When we are ready to let go of our old controls, we admit that we were powerless over the incest or abuse...We have often thought, 'If only I could have stopped it,' but we could not have stopped it. We let go of the 'if only' now and sit still with our stark powerlessness…In our surrender to powerlessness, we touch ourselves with the gift of truth.
Even if our survival skills have become impediments we would like to let go of because they have ceased to serve us, we can still love ourselves with them. In appreciation of our survival, we can be awed at how our resources brought us through, even when these resources were things like indifference, a wall of rage, a cold heart…We learn to embrace ourselves as humans with faults and problems.
Sometimes we self-sabotage just when things seem to be going smoothly. Perhaps this is a way to express our fear about whether it is okay for us to have a better life. We are bound to feel anxious as we leave behind old notions of our unworthiness. The challenge is not to be fearless, but to develop strategies of acknowledging our fears and finding out how we can allay them.
We can ill afford to wait until we have worked through all our memories & feelings about incest before learning to rest & play. While it may seem to be a natural impulse to get to the bottom of things & purge ourselves fully, we need to regularly examine the full picture of our lives for balance along the way…Learning to rest & play is an essential part of our healing.
Though our childhood abuse left us feeling someone ought to make reparation to us, if we wait a lifetime for that, we may never receive what we need. We choose instead to face the idea that from now on, we are going to take responsibility for caring for ourselves.
The bridge out of shame is outrage. Suddenly the obvious becomes stunningly clear—we have been carrying shame for the crime of the offender…In a clear flash we may see ourselves standing in a fierce stance, grounded by our knowledge, ready to throw off any wrongdoer. Our outrage can be a fueling energy, capable of making us as steely as we need to be.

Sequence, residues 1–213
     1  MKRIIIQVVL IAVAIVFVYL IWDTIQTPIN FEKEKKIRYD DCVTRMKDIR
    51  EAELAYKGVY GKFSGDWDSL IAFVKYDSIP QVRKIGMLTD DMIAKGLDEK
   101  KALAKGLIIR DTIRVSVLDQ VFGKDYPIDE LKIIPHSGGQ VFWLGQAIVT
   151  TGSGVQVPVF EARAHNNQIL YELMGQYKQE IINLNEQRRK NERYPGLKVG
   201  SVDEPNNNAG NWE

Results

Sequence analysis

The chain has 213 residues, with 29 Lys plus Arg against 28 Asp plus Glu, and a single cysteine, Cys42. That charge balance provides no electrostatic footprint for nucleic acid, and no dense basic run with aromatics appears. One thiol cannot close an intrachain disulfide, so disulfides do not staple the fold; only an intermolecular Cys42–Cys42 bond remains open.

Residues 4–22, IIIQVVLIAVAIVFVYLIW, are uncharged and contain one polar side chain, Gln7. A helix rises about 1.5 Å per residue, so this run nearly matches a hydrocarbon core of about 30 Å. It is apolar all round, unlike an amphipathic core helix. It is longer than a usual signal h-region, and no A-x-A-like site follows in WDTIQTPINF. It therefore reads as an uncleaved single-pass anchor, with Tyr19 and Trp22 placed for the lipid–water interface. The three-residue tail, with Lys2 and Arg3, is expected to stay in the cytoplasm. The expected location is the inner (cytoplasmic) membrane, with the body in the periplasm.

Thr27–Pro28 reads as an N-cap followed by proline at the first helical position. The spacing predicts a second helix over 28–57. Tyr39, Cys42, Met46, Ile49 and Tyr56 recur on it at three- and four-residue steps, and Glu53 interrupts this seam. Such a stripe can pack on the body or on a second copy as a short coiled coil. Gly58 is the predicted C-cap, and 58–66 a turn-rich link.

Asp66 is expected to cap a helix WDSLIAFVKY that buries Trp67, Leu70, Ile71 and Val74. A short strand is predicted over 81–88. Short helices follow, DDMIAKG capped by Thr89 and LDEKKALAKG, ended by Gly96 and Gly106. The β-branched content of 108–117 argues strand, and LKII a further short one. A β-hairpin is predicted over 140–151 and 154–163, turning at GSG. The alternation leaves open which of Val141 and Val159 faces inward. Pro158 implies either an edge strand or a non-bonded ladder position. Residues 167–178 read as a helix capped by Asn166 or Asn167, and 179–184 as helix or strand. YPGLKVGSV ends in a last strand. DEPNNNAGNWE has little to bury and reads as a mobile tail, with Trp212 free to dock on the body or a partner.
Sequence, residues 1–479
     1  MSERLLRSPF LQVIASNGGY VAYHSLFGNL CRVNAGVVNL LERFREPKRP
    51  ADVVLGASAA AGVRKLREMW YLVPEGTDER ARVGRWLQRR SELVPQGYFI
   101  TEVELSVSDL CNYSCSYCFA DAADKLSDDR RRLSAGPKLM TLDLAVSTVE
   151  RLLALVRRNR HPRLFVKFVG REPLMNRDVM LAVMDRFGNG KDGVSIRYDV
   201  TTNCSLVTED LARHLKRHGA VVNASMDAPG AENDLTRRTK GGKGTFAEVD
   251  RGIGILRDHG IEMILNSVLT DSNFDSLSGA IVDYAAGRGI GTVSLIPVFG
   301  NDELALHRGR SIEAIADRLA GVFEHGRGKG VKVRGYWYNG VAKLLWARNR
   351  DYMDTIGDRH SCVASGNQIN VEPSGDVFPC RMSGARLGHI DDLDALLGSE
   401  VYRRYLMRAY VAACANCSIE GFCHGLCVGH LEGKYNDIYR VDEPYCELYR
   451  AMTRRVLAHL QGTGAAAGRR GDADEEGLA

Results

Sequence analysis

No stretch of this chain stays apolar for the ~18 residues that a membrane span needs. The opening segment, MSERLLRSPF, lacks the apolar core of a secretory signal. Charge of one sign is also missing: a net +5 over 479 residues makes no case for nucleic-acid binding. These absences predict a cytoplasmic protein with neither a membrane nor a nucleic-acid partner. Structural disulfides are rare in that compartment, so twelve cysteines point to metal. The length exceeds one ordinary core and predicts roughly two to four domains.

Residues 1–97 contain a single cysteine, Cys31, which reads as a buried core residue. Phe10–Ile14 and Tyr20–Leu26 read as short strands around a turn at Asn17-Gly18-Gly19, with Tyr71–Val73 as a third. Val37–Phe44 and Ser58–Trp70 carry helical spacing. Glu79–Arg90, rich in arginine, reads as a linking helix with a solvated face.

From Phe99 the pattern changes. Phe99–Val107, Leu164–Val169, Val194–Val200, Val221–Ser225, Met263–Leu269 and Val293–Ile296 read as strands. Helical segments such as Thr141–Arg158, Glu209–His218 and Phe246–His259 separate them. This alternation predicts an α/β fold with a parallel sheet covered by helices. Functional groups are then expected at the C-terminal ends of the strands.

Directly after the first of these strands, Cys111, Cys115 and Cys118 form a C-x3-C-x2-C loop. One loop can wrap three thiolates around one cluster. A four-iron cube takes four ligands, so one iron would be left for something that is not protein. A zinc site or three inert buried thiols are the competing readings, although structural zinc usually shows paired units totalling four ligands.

It is a childish notion that once established, our boundaries will never be transgressed again...We shall have to stand for ourselves repeatedly for the rest of our lives. As we practice doing this, we come to greater ease...Eventually it may float over entirely into the positive realm—becoming only another chance to demonstrated our worthiness.
Your instincts may tell you that you can’t survive if you experience feelings. But they are leftover child instincts. They’re the ones that first told you to freeze your feelings. They themselves are frozen and haven’t grown with the rest of you. These instincts don’t know that you’re far more capable of learning to cope with overwhelming emotion now than when you were a [child].
It is not my wish to stay home so much that I become isolated, but to use the comforting influence of my home to restore and gather myself after each step I take in my expanding ability to participate in the world.
Many of us learned that keeping busy…kept us at a distance from our feelings...Some of us took the ways we busied ourselves—becoming overachievers & workaholics—as self esteem…But whenever our inner feeling did not match our outer surface, we were doing ourselves a disservice…If stopping to rest meant being barraged with this discrepancy, no wonder we were reluctant to cease our obsessive activity.
Denial protected us, screening out certain experiences & feelings until we grew strong enough to relate to them...Yet it also dropped a curtain over our experience, obscuring it, leaving us with a sense of missing pieces. For instance, when we achieved something, we felt like an imposter. Or, though we had a relationship with a significant other, we often felt alone and unrelated to anyone.